You are here:

Verdict in Murder Case Unsettling For Disabled

Editor's Note: The following article is reprinted from the Toronto Star, October 1, 2005.

Parents who kill their children occupy a particularly chilling place in the court of public opinion. When those children have disabilities, their deaths reveal a side of humanity so dark it's hard to fathom.

More than a decade ago, when South Carolina mother Susan Smith drowned her two healthy sons, Michael, 3, and Alex, 14 months, the world screamed for the death penalty. It settled for sentencing her to life in prison.

By contrast, at the same time, Saskatchewan farmer Robert Latimer was tapping a well of public sympathy after admitting to asphyxiating his 12-year-old daughter, Tracy, who had cerebral palsy, "to put her out of her pain."

It's hard not to believe that the distinguishing factor was society's mistaken belief that disability is inextricably linked with pain and tragedy.

Amid public calls for leniency, the Supreme Court of Canada upheld Latimer's conviction for second-degree murder and he is now serving a minimum 10-year sentence, eligible for parole in 2007.

Yesterday, Ontario fitness expert David Carmichael was found not criminally responsible after being charged with first-degree murder for smothering his 11-year-old son, Ian, who had epilepsy.

The court had been told that Carmichael was in the midst of severe depression and psychosis, and killed his son to save him from what he believed to be a life of intolerable suffering.

"Dad killed son in 'an act of love,'" the headlines read. They were eerily similar to those that appeared during the Latimer case, "Dad confessed he killed girl ... 'to put her out of her pain.'"

But there are differences between the two cases, and one of the most significant relates to remorse.

Expert witnesses in the Carmichael case testified that the former director of ParticipAction, a bygone national program aimed at keeping children healthy, now realizes he was wrong.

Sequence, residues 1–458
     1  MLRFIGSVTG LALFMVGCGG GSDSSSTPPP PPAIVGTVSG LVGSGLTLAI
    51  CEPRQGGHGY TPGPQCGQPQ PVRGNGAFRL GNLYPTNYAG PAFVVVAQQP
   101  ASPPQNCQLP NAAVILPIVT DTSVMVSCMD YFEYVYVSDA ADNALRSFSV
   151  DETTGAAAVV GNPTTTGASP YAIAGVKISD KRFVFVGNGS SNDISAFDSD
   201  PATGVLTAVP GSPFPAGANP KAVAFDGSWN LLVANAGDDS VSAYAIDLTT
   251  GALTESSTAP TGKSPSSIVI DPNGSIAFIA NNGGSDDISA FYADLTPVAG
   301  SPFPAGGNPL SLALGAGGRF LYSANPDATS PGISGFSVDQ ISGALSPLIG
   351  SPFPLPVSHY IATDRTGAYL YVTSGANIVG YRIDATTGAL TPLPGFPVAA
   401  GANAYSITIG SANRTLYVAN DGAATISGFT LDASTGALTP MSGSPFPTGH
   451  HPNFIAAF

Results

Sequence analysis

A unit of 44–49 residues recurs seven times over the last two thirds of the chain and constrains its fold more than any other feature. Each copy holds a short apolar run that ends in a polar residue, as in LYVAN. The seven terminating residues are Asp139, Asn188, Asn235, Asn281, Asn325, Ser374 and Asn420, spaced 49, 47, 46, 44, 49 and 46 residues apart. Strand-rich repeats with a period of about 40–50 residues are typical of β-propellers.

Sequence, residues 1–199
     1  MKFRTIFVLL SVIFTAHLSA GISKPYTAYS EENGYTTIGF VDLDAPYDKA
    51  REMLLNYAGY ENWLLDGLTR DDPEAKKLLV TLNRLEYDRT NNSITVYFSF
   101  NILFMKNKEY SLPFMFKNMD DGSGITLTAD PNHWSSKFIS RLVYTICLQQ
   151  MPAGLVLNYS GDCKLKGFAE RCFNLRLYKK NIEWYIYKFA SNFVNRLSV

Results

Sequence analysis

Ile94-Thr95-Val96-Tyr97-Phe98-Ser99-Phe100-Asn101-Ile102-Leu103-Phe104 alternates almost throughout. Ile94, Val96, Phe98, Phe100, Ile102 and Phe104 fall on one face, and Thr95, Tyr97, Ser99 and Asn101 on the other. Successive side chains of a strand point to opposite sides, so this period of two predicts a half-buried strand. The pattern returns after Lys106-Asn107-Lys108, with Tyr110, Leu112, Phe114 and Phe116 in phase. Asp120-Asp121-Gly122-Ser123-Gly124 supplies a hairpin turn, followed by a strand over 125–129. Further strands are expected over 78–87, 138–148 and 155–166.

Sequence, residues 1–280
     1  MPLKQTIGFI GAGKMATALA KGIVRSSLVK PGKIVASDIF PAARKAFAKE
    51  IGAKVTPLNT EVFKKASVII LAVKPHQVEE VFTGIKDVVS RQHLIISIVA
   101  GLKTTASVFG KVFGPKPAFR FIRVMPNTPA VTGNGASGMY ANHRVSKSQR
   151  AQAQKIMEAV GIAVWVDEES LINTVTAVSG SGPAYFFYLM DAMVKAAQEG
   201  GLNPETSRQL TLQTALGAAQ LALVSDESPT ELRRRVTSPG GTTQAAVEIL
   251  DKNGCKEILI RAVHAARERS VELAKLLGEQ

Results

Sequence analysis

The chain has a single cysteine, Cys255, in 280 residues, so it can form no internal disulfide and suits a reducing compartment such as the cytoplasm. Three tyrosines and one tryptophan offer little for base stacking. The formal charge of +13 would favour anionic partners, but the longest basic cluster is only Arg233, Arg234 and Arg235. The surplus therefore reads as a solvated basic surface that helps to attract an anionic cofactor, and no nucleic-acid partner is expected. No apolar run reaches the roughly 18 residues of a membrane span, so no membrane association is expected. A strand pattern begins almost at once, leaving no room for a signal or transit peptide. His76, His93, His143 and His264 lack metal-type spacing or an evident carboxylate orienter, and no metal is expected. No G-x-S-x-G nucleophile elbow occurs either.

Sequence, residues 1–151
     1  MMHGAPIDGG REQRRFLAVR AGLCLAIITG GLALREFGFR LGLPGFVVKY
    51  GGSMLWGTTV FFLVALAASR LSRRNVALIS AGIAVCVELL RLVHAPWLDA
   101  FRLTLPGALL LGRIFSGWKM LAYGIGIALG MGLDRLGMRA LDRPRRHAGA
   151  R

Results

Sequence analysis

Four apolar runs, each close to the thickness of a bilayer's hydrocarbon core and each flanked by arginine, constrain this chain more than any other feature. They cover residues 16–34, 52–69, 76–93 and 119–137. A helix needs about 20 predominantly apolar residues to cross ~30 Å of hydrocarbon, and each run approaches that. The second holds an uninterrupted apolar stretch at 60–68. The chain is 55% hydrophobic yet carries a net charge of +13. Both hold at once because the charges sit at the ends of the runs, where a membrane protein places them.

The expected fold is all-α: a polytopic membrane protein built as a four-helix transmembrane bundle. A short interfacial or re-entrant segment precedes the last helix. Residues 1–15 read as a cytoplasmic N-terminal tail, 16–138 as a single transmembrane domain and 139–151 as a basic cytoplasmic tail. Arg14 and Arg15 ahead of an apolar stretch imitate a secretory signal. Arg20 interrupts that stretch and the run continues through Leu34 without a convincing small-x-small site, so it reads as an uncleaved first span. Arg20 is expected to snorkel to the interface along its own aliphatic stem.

Latimer, by contrast, believes to this day that he was right to end his daughter's life. "It was the right thing to do," he told the Toronto Star's Daniel Gerard in an interview last year.

"Robert Latimer wanted people to agree that he did the right thing," says Dick Sobsey, director of the University of Alberta's JP Das Developmental Disabilities Centre and father of a teenager with a severe form of epilepsy.

"In most cases, parents who kill say 'I snapped' and try to get off. Latimer wouldn't take that route. He was saying 'I want what I did validated.'

"He mounted an affirmative defense--in so many words saying 'I had no choice because of the situation.'"

In fact, Sobsey argues, Latimer had many choices. Thousands of children like Tracy successfully go through the surgery she faced. They live full lives whether they speak or not, whether they are fed through a tube or not.

Harriet McBryde Johnson, a prominent American disability-rights lawyer and self-described "jumble of bones in a floppy bag of skin," has seen her own life shaped by more than four decades of a muscle-wasting disease. She is a tireless and vocal opponent of so-called able-bodied people who translate their own pathological fears of technology into stereotypes of tragedy where disabilities are concerned.

"The whole of society has a stake in making sure ... courts are not tainted by prejudices, myths and unfounded fears--like the unthinking horror in mainstream society that transforms feeding tubes into fetish objects, emblematic of broader, deeper fears of disability that sometimes slide from fear to disgust and from disgust to hatred," Johnson has written in the online magazine, Slate.

Are children with disabilities more vulnerable today because Carmichael has been judged not criminally responsible for killing his son Ian?

We can only hope not.

Because of his own son's experience, Sobsey says he finds the case particularly unsettling.

"We have a son with very severe epilepsy," he says. "The idea that you can distort that to make it justify killing is very disturbing."

Nor is the legal process consistent in looking at mitigating factors, he says.

"Anyone who is hopped up on meth is out of touch with reality, but we don't excuse their crimes by saying they weren't making good decisions," Sobsey says.

"But if you have a middle-class guy facing a difficult situation, we're willing to stretch the law in terms of who's responsible for their actions and who's not.

"By having remorse, he changes things."

Reprinted with permission--Torstar Syndication Services.

ZZ - Disregard this link; it is used to trick spammers.